Easter Service Soon To Grace Your Campus
Easter is one of the two-biggest attended services of the year. So it’s an incredibly important day for churches to put their best foot forward and deliver a powerful message that can possibly bring people back on a more consistent basis.
For campus pastors working with multisites, this means thinking about all aspects of the service early—with everything from the look, sound and message being planned in advance, so that all team members are on the same page, and each site has a cohesive appearance and worship experience ahead.
The key is to have things prepared with all your staff and volunteer teams ready for more cars in the parking lot, more kids, and more people in general,” he says. “We need to have volunteers ready to watch the kids, more ushers and enough people prepared for a response time at the end of the service.
If you’re not ready for a larger-than-normal crowd, the experience is probably not going to be what you want it to be,” he cautions. “On days like that, the easiest thing to do is to service content, the harder thing to do is care for people well and give them a good experience because it’s a high-attendance day.
The thing that has stood out to me the last two years is how aware Pastor Joby is in his sermon, specifically at Easter, with the non-believers and seekers. So I’ve been trying to coach our guys [on] how important it is to be aware,” he notes. “These are the high-attended weekends—they might not know where the bathroom is, they might not understand some of our language, I need you to be uber-aware of what they are doing and help be there and answer questions.
When handling different sites, Duffey notes it’s most important to be consistent so that everyone has the same level of Easter service, be it the kids’ ministry, the gathering itself, the hospitality level or other areas.
“The one thing that may make Easter a little more complicated for multisites is [that] you have a larger-than-expected crowd, sometimes the turnover in the parking lot can take longer, and that makes it harder for people to get in and out if you have more than one service,” he finds. “That means you may have to delay one service, and if you do a multisite where you are delaying the broadcast campus, you may throw off every other campus.”
Something like that isn’t very common, but when running a same-live broadcast message, you need to have a plan in place for what to do if something like that happens.
Brunson notes that campus pastors also need to ask themselves whether things have to be 100% the same at all sites for Easter.
“We would say that we are a nine out of 10 with each campus being the same, and you would experience the same thing, but that one out of 10, it has some uniqueness,” he says. “Two of our sites are in schools, so those are going to be a little different because of the environment of what we can and can’t do.”
Still, Brunson pulls everyone together to be ready for what comes after Easter, forming groups for anyone who wants to take part, and that involves having the tables ready, videos planned and getting ready for the questions that are to come.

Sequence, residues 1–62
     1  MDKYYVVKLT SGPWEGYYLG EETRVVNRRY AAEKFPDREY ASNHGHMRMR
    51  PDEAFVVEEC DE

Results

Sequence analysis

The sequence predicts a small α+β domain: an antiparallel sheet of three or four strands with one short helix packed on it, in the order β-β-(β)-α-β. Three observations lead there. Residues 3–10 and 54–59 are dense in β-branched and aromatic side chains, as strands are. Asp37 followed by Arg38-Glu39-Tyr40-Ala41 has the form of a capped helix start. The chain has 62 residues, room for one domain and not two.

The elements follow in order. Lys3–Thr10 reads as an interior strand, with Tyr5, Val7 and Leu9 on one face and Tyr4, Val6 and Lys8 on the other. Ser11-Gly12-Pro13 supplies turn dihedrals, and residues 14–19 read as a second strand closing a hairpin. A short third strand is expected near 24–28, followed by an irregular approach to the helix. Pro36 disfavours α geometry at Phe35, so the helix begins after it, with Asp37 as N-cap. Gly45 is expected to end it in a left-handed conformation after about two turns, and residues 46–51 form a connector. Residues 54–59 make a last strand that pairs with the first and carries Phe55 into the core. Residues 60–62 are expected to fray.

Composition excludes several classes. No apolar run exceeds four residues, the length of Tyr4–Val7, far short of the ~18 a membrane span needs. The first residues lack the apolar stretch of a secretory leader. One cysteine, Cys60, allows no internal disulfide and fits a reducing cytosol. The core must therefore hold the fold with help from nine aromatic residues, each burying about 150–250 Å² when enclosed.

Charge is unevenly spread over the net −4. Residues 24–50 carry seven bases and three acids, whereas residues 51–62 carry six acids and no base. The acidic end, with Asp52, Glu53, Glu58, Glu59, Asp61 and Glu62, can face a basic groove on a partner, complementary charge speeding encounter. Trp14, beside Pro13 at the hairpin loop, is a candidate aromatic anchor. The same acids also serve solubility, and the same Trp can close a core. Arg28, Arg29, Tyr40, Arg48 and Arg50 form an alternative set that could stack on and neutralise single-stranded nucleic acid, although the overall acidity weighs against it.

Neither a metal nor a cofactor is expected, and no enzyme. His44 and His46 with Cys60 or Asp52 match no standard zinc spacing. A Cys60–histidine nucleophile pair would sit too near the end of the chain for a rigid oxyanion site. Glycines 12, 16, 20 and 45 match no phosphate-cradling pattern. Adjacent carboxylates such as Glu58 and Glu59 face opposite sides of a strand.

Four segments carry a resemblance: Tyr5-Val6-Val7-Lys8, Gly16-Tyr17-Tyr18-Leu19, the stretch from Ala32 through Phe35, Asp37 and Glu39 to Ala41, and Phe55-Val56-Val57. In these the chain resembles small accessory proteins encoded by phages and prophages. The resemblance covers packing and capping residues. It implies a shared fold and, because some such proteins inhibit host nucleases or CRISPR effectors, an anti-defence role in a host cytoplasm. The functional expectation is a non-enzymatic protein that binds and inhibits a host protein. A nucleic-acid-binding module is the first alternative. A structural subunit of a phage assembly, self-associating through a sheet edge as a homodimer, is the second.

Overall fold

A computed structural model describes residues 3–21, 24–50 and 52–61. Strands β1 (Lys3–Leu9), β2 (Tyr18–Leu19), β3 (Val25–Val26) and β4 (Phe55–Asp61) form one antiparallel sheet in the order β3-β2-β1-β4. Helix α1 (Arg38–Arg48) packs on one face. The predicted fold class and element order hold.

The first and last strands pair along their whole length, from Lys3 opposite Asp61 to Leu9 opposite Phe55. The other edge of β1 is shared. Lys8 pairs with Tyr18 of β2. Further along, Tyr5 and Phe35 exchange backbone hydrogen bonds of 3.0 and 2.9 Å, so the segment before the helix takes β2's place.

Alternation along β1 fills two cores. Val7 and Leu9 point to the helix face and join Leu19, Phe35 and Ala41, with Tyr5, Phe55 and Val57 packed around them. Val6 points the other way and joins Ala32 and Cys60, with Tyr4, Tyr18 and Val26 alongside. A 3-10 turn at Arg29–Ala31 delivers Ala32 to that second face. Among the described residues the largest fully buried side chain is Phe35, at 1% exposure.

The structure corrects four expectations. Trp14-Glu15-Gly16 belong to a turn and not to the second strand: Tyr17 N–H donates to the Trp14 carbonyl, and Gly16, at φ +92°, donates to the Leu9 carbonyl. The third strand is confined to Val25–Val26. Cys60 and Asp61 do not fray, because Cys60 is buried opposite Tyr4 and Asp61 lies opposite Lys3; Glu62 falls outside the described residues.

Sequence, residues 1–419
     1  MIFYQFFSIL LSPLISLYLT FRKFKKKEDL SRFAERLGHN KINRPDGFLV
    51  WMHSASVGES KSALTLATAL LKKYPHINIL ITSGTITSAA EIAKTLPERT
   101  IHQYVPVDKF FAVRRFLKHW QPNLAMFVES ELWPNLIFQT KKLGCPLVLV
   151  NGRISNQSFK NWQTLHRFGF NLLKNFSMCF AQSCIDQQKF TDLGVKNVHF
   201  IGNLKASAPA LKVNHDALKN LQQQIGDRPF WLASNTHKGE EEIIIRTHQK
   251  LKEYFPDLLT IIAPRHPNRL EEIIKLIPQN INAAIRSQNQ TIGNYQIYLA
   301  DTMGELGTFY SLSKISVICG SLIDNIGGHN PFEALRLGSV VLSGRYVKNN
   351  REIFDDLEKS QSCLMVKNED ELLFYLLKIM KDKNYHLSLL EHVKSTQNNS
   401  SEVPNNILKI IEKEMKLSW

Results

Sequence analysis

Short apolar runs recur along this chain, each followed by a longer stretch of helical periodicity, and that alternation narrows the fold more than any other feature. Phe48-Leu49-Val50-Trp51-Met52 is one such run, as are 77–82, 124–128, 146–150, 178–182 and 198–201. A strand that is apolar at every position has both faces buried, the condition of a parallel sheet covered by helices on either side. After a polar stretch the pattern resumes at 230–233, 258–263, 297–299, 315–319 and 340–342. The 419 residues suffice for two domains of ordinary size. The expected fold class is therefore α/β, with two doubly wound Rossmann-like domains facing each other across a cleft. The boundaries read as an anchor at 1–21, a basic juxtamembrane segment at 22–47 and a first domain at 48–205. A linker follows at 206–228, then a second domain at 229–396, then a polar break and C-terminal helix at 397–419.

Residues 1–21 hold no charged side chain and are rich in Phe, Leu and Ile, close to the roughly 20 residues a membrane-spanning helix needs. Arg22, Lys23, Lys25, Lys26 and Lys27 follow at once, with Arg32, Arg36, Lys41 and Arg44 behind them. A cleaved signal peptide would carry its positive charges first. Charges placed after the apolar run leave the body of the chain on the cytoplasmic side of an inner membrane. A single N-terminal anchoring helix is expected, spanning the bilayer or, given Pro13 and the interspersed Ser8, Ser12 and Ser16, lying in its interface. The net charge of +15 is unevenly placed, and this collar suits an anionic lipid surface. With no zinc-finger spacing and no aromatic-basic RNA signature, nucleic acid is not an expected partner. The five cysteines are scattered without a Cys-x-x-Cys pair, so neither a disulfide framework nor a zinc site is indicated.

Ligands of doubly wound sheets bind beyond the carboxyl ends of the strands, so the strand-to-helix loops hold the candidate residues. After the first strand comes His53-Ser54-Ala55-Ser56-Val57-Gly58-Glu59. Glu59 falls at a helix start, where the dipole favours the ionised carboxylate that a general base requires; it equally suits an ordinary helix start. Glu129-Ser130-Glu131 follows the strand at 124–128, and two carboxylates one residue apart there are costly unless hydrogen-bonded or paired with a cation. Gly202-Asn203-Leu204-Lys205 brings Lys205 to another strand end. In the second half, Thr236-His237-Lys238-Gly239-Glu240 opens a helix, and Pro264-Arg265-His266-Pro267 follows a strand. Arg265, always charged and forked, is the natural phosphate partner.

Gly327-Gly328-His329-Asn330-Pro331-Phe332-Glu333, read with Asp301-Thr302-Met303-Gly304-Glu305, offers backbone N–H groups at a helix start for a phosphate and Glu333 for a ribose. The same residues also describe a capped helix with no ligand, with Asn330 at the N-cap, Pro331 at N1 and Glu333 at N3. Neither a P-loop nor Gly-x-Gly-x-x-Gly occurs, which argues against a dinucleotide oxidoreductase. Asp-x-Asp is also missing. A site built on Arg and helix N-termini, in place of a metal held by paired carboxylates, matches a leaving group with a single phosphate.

“If you’re headed into Easter and you are a campus staff member, you should be asking a lot of questions,” he suggests. “Questions like, ‘What does this look like in your mind?’ or ‘What resources do I have to make this happen?’ or ‘What obstacles do you see on Easter—parking, child care space and seats for what we are projecting.’”
Thinking of all these vital elements ahead of time, and coming up with solutions surrounding each of them, are key in giving the impression that you care. And this, to a guest, speaks volumes.
While an Easter service is always something special, a church doesn’t necessarily need to make things bigger and better every year—but simply a day that people will enjoy, remember and look back on fondly.
“I would be lying if I didn’t say we didn’t want to put our best foot forward, because we want to make sure that on a day when a lot of people bring family and friends, some who aren’t regular attendees, that we make sure the gospel is super clear, that we make the service as God-focused as we can, and at the same time, make sure there are handles for everyone no matter what their previous church experience has been,” Duffey says. “We always make sure to invite everyone back—not just to church, but how we could potentially be a service to their family, whether it be their kids or Bible study or events.”
One lesson Duffey has learned in his long history of planning Easter services for multisite campuses is not to overload a new campus and try to pull off a higher level of production or creative elements than are possible. But instead, he focuses on creating an experience that is proportional for the size and age of the site.
“If this is the first time someone is doing Easter in multiple locations, you need to take a little extra time and preparation,” Duffey says. “The other thing that might be a challenge is depending on the size and scope and access to resources that each campus has, you need to embrace the fact that what you do at one campus, you may not be able to do at another, and that’s ok. You don’t want to overload a campus by stretching them too far, too fast.”
Brunson has seen churches roll out the red carpet on Easter and make it a show, thinking through both the day and season leading up to it.
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